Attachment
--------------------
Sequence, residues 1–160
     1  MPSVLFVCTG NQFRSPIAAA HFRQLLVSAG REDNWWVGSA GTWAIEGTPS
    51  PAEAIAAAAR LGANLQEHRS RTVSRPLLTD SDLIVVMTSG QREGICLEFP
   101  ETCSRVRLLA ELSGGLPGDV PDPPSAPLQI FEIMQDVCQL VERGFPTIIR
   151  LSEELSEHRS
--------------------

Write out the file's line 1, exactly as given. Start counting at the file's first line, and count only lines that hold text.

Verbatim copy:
Sequence, residues 1–160